• It’s amazing what a few weeks of national integration camp-style exercises along with jogging in Lodhi Gardens at 5 am can do to a national hockey team. It can take a bunch of rag-tags who could be beaten by school-level teams to the status of world-beaters… Wish Greg Chappell had tried such tactics before our much-hyped cricket World Cup earlier this year. It may have saved the window panes present in our cricketers’ homes…
  • It seems the scriptwriters had a field day running down the game of cricket and cricketers, what with the callous attitude of the cricketer Abhimanyu Singh towards his girlfriend (a forward in the girl’s hockey team). Not that I have anything against this portrayal. I don’t know if Indian cricket superstars behave in the manner portrayed by that particular character, but it is undeniable that the attention given to cricket, especially since we accidentally won the World Cup in ’83, has led to other sports suffering. Football is making a comeback of sorts now (I am talking about English Premier League, of course…)
  • A very obvious thing that was overlooked of course, was that the women practiced for weeks in Delhi at the training camp, playing on grass pitches. Amazingly, they had absolutely no problem adjusting to the completely different astro-turf which was used in the World Cup. If anything has led to the spectacular downfall of Indian (and South Asian, though Pakistan has dealt with the change much better than us) hockey, it has been the abandonment of grass, a surface on which our dominance was unquestioned. Western nations pulled a fast one on us by this change, and we have been left floundering ever since. That, in essence, is what ails our national game today. Lack of astro-turf pitches, lack of qualified coaches and trainers at the district and state levels, indecent facilities for athletes, a general apathy and indifference towards sports, not just hockey. An indifference that has been exacerbated by big bucks thrown into cricket (particularly one-day cricket) that keeps circulating among the BCCI, multi-national corporation sponsors and television broadcasters, with a bit of it going to cricketers playing in the national cricket team.

Verdict: go watch the film if you have nothing better to do on a weekend afternoon. But don’t expect the hockey equivalent of Lagaan.

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(S)electing a President…

Posted by chakrabarti on August 22, 2007

I watched YouTube clips of one of the recent Democratic debates. A striking (and revealing) moment was at the start when the moderator addressed first question to the candidates by saying that the two most important questions that had come up in the campaign were…

a) whether Barack Obama was experienced enough to be President

b) whether Hillary Clinton was too polarizing to win a general election

Wow! One would think the issues most Democratic voters cared about might be, say, ending the occupation of Iraq, or providing universal health care, neogtiating a peaceful settlement of all issues with Iran, a just solution to Israel-Palestine, fighting Bin Laden’s followers in Afghanistan etc. etc…

But no… those apparently aren’t the most important issues facing voters. At least that’s what the professional punditocracy is going on about. Why let primary voters make rational decisions about choosing a candidate based on their policies and positions on actual issues of concern? Why not instead throw out some issues of “character” so the public can be distracted instead?

Another interesting way of introducing the candidates to the audience was by mentioning their up-to-date poll ratings. That way people know who’s to be taken seriously and who’s not. Tell you, democracy is such a chore with all these choices! Why not just sit back and punch your ballot for one of the two or three pre-selected candidates who have already gone through a through vetting process by intellectuals, ensuring none of them can rock the boat once elected to office.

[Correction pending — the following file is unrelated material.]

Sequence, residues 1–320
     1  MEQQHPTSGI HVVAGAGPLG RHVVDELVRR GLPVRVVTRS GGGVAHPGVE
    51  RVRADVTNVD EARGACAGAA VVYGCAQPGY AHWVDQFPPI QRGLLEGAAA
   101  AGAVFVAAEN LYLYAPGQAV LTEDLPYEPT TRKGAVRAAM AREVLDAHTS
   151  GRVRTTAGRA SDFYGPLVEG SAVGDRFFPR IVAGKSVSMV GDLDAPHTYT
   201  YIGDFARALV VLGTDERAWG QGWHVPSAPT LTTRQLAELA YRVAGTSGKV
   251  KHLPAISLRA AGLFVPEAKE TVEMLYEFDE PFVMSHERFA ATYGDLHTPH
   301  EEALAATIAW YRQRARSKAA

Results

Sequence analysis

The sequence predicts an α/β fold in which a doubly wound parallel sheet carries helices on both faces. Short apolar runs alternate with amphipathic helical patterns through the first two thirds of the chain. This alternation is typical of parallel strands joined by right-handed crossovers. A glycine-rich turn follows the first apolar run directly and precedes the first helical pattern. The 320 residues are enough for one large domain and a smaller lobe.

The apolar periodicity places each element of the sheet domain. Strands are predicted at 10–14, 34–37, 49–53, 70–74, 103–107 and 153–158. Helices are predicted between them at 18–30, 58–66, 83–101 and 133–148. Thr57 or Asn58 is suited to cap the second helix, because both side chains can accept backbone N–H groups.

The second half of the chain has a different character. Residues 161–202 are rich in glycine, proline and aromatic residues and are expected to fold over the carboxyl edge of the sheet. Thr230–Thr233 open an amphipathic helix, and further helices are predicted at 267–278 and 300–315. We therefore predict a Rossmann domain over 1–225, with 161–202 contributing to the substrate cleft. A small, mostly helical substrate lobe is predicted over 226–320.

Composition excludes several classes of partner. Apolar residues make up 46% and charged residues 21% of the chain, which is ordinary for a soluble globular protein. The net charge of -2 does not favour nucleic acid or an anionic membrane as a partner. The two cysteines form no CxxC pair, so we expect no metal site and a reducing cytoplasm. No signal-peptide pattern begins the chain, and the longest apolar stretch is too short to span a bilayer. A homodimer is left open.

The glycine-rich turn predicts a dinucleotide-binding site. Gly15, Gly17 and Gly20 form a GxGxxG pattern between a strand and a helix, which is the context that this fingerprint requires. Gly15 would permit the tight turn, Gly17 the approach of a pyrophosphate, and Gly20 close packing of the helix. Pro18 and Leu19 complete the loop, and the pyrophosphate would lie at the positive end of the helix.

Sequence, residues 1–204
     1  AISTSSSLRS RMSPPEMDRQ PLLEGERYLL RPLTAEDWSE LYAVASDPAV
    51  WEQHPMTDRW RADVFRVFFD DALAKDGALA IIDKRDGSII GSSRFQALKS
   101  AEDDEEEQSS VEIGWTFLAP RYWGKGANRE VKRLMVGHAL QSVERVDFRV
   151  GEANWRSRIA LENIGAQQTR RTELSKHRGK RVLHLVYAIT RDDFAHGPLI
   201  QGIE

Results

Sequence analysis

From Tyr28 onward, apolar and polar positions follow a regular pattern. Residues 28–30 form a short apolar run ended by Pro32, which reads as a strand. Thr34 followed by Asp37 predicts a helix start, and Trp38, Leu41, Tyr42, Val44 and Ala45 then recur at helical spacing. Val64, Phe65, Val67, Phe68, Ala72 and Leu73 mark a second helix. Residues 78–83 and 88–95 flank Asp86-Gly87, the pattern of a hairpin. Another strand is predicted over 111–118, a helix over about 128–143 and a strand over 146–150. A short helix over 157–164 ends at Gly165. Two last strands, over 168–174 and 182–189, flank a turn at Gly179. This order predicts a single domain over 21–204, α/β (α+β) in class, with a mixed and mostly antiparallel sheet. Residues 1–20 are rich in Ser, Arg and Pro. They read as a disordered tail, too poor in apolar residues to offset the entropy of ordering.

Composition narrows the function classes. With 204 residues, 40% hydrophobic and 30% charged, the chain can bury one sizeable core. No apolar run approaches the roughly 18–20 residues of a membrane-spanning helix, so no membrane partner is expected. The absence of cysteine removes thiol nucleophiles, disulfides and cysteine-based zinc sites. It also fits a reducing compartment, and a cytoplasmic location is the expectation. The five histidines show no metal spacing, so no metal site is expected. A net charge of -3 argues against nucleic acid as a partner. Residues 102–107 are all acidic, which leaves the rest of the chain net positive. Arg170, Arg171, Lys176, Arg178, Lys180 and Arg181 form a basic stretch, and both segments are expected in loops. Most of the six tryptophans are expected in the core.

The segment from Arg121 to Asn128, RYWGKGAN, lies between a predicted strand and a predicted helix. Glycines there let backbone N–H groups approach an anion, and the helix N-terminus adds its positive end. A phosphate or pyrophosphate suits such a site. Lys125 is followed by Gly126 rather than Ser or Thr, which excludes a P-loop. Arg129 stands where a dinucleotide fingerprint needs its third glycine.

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Bhutto and her newfound American audience

Posted by chakrabarti on August 20, 2007

Fascinating article in the Washington Post from veteran scribe Robert Novak. He writes about Benazir Bhutto’s seemingly imminent return to Pakistan in this election year. Apparently, networks and newspapers that have been studiously ignoring her for years are now queueing up for every soundbite on the situation in her country, and the all-important deal with Musharraf that would allow her to return, thus restoring a modicum of credibility to a discredited military regime. A regime that been boxed into a corner by civil society on the one hand (lawyers especially, after Musharraf tried unsuccessfully to oust a not-so-supine Chief Justice of the Supreme Court), and Islamic fundamentalists on the other side, who are none-too-happy that their decades-long honeymoon with the military has come to an abrupt end, thanks to American pressure.

Interestingly, Novak says the White House is playing a behind-the-scenes role in reconciling this odd duo. Not in the interest of Pakistani democracy, of course, but to keep Pakistan from boiling over, to keep it on the right side of the war against that abstract noun, “terrorism”.

While the correspondent’s account of the secret meeting between the two parties in Dubai is old hat, Novak seems to give Bhutto a pass when she claims that any future government with her at the helm shall take on radical Islamists “that brainwash our children into intolerance”, in her words. Which is surprising considering her own govt’s record of egging on the Taliban to capture power in Afghanistan back in ’96 and then offering it diplomatic recognition. Of course, this avenue of pursuing “strategic depth” had to abandoned swiftly once American bombs started raining down on the other side of the Durrand Line post 9/11.

One thing completely absent from the Novak article (and in Western media when discussing Pakistan these days)? No mention whatsoever of Nawaz Sharif, the deposed PM driven out by Musharraf after his ’99 coup. How times have changed for someone once proclaimed as Pakistan’s most powerful civilian leader.